The story of the stratospheric rise of an enigmatic Hollywood star and her legacy
A tragic death was not part of the script.
Molly Bit doesn’t believe she’s destined for success — she knows it.
This certainly helps her get through the countless auditions featuring actors who look and dress just like she does; helps her swallow the indignity of less talented actors landing roles; even helps her endure the industry’s aggressive over-sexualizing of young women.
When Molly is offered a lead role in a major film, she knows, too, that to seize this opportunity she must sacrifice everything. Even her commitment to an old friend.
It’s her big break, and Molly becomes a star. But she soon learns the hardest part of fame is everything after.
Molly Bit begins as a portrait of the artist as a young woman and transforms into an ode to the strange, personal magic of moviemaking, and our obsession — public and private — with performance. In Molly Bit, Dan Bevacqua announces himself as a force of wit and insight with his profound reflections on celebrity, beauty, violence, and the power of art.
I was initially intrigued by this novel for two reasons: its connection to Hollywood, and also the pitch stated that it was akin to Daisy Jones and the Six, one of my favourite novels from 2019. Having read the novel, I’m not sure that connection is as strong as they might hope, but I understand why they chose it. Molly Bit is an interesting novel with a lot to say about Hollywood, celebrity, and an individual’s legacy.
As I’m sure I’ve mentioned many times on CR, I am fascinated by Los Angeles, Hollywood and the film industry. Therefore, it should be unsurprising that I dove into this novel with high hopes. It follows the life and career of Molly Bit — from her student film days, to Hollywood star, to tragic demise.
One thing that comes across very quickly is that Bevacqua is a very good writer — this novel is filled with a great many amusing, interesting, and sharp observations and descriptions. At each stage of Molly Bit’s life, the chapters are peppered with great snippets and critiques of those who enter Molly’s orbit — from the students at college (very amusing), to the creatures of Los Angeles and Hollywood in particular.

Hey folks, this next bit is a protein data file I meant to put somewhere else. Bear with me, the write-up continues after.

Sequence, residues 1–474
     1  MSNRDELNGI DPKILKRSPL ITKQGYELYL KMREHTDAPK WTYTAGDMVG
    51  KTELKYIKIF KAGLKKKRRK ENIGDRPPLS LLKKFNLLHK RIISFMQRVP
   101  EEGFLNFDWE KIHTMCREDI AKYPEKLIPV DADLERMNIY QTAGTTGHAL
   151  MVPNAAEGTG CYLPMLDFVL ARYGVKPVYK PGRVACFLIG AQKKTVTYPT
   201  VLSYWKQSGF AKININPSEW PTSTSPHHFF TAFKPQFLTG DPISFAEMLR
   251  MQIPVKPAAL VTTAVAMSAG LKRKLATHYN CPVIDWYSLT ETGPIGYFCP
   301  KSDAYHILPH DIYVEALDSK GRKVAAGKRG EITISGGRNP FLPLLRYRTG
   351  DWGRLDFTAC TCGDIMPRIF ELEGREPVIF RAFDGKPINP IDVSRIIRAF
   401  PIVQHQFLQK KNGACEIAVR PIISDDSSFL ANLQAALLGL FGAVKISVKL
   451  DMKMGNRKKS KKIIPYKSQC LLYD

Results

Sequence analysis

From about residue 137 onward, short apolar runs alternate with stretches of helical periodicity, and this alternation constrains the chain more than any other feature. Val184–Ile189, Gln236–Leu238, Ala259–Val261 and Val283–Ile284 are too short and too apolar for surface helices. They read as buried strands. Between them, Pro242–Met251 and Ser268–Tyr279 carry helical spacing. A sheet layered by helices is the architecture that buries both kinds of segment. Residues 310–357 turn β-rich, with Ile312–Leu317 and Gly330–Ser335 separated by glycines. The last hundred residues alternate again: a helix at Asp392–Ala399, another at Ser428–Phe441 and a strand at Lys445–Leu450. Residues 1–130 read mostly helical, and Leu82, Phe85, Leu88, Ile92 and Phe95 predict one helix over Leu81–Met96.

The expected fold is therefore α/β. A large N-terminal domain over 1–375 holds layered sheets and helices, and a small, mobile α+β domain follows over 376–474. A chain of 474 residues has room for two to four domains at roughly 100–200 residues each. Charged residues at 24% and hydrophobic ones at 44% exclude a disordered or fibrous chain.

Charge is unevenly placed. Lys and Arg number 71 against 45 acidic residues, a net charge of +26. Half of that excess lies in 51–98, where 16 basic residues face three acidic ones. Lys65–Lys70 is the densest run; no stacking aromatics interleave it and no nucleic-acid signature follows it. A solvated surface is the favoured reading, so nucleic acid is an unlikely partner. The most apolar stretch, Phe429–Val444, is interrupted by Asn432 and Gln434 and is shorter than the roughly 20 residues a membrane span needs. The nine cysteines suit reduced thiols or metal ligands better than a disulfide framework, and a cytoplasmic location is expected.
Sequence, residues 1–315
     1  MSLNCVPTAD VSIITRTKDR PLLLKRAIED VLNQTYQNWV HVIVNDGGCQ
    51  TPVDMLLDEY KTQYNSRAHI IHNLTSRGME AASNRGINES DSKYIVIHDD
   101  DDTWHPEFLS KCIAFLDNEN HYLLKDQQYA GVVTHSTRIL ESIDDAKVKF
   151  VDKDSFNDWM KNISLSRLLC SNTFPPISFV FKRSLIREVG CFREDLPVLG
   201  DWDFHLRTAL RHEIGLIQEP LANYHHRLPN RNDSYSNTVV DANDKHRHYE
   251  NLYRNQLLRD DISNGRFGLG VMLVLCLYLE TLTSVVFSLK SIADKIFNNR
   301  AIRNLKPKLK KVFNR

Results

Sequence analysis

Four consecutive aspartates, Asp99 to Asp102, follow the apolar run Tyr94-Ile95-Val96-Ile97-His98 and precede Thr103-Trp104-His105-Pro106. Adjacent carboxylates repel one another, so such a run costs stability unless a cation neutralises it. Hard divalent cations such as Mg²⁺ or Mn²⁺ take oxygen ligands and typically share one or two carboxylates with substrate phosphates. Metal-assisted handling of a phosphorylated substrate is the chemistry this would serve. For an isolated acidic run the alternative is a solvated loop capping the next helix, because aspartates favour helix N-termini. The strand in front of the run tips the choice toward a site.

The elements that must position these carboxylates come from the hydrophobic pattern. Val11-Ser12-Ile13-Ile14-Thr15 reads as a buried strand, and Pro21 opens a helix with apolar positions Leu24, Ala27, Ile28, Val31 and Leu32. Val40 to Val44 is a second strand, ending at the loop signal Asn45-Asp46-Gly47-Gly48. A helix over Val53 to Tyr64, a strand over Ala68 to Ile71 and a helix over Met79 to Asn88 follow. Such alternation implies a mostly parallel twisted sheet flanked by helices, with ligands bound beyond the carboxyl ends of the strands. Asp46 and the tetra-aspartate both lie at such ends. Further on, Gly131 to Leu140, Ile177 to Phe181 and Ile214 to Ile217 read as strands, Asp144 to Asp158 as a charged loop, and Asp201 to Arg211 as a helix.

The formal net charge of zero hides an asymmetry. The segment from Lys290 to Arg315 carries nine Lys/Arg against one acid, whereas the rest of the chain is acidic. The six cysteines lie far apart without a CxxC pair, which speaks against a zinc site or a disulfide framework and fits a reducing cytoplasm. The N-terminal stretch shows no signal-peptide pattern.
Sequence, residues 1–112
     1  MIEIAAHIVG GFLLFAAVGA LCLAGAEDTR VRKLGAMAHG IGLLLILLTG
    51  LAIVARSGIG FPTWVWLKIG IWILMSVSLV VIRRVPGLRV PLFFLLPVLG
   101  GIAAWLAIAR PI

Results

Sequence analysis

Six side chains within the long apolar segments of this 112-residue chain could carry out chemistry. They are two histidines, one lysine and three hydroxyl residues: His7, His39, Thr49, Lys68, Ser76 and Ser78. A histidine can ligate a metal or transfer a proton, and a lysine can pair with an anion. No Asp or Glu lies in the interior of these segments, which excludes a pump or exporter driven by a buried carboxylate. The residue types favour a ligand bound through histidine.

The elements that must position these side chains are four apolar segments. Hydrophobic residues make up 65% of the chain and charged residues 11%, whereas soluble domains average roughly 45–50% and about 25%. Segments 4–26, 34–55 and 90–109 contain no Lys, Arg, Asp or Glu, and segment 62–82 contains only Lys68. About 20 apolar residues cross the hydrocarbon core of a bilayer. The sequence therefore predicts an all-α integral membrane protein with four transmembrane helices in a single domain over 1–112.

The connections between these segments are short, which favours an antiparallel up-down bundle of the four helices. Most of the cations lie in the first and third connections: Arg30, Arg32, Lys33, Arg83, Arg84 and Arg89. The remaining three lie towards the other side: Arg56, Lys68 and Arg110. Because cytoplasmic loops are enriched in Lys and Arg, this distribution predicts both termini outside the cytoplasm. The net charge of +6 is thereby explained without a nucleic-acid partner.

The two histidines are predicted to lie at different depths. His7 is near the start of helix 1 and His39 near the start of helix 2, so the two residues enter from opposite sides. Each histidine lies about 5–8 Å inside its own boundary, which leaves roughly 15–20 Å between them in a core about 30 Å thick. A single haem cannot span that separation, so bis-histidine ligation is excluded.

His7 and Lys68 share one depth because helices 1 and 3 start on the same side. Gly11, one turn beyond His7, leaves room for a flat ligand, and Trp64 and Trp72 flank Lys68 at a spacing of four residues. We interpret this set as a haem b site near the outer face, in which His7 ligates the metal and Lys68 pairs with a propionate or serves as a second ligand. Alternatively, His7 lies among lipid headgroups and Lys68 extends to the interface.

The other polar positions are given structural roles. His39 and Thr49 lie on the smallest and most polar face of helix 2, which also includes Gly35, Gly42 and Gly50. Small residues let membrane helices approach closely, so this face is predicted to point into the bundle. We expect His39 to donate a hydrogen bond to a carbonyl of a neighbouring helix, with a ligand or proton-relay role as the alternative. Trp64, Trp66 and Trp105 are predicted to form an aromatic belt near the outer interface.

“One way or another, and because she was a writer, Abigail was always talking about herself.”
Molly becomes adept at using her beauty and success to get what she wants — at times, she comes across as calculating and maybe just a little bit sociopathic. At the same time, she’s aware of how the Hollywood system is using her in return. It’s tiring, but provides the wealth and success that she needs. Everyone she meets and works with is a well-rounded character — some of them are maybe a bit obvious, or familiar, but Bevacqua does a very good job of keeping them interesting and believable. For example, her first and long-time partner is a drug addict, whose appetites eventual overtake her successes. Her frequent producer is a complete asshole (he’s so awful at times), but he’s also wracked by grief.
“In Hollywood, nobody likes anybody else, and everyone is at least faintly awful.”
“These people are deranged. All they do are horrible things to one another.”
The first half of the novel was brilliant: we see Molly grow into the role she is destined to play — from poor student to star, we see her navigating the various systems in which she finds herself. Aware of her beauty, she knows how to work other people to get what she wants, while simultaneously having to fend off the unwanted attention. She navigates the pitfalls of celebrity — the invasions of privacy, the oppressive coverage, the delicate nature of press interviews and readers’/viewers’ reactions.
As I’ve mentioned, it’s a sharply observed novel. However, the second half didn’t feel as focused as the first. It started to feel a bit more disconnected. The story lurched forward in time, which I hadn’t been expecting. I found Molly’s perspective to be the most interesting (and honest). Some of the POVs that appeared later in the novel weren’t as engaging, nor did they have the same impact. The quality of Bevacqua’s writing kept me reading until the end, but I nevertheless finished feeling a little bit dissatisfied.
Nevertheless, there’s plenty to like about this debut novel, and I’ll certainly be interested in reading anything else the author publishes.
Dan Bevaqua’s Molly Bit is due to be published by Simon & Schuster on February 4th, 2020.